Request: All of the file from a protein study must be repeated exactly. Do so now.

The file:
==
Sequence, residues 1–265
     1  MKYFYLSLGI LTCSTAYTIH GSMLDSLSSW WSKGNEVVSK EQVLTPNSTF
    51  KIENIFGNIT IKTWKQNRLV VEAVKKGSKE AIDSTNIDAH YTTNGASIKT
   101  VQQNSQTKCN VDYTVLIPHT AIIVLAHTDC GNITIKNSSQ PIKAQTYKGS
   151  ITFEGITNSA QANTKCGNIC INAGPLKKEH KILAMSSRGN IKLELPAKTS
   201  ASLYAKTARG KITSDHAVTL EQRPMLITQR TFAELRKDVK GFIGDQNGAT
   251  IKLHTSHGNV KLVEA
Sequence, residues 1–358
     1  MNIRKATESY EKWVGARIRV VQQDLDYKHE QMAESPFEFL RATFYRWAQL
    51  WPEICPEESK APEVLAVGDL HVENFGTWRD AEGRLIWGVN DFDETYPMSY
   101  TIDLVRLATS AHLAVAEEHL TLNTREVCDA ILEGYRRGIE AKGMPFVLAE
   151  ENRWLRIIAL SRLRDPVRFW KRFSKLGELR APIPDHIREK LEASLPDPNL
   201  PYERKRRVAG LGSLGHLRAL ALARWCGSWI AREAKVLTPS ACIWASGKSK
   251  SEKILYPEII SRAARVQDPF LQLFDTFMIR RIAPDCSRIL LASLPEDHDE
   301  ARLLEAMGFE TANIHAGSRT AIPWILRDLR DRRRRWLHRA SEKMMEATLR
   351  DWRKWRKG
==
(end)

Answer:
Sequence, residues 1–265
     1  MKYFYLSLGI LTCSTAYTIH GSMLDSLSSW WSKGNEVVSK EQVLTPNSTF
    51  KIENIFGNIT IKTWKQNRLV VEAVKKGSKE AIDSTNIDAH YTTNGASIKT
   101  VQQNSQTKCN VDYTVLIPHT AIIVLAHTDC GNITIKNSSQ PIKAQTYKGS
   151  ITFEGITNSA QANTKCGNIC INAGPLKKEH KILAMSSRGN IKLELPAKTS
   201  ASLYAKTARG KITSDHAVTL EQRPMLITQR TFAELRKDVK GFIGDQNGAT
   251  IKLHTSHGNV KLVEA
Sequence, residues 1–358
     1  MNIRKATESY EKWVGARIRV VQQDLDYKHE QMAESPFEFL RATFYRWAQL
    51  WPEICPEESK APEVLAVGDL HVENFGTWRD AEGRLIWGVN DFDETYPMSY
   101  TIDLVRLATS AHLAVAEEHL TLNTREVCDA ILEGYRRGIE AKGMPFVLAE
   151  ENRWLRIIAL SRLRDPVRFW KRFSKLGELR APIPDHIREK LEASLPDPNL
   201  PYERKRRVAG LGSLGHLRAL ALARWCGSWI AREAKVLTPS ACIWASGKSK
   251  SEKILYPEII SRAARVQDPF LQLFDTFMIR RIAPDCSRIL LASLPEDHDE
   301  ARLLEAMGFE TANIHAGSRT AIPWILRDLR DRRRRWLHRA SEKMMEATLR
   351  DWRKWRKG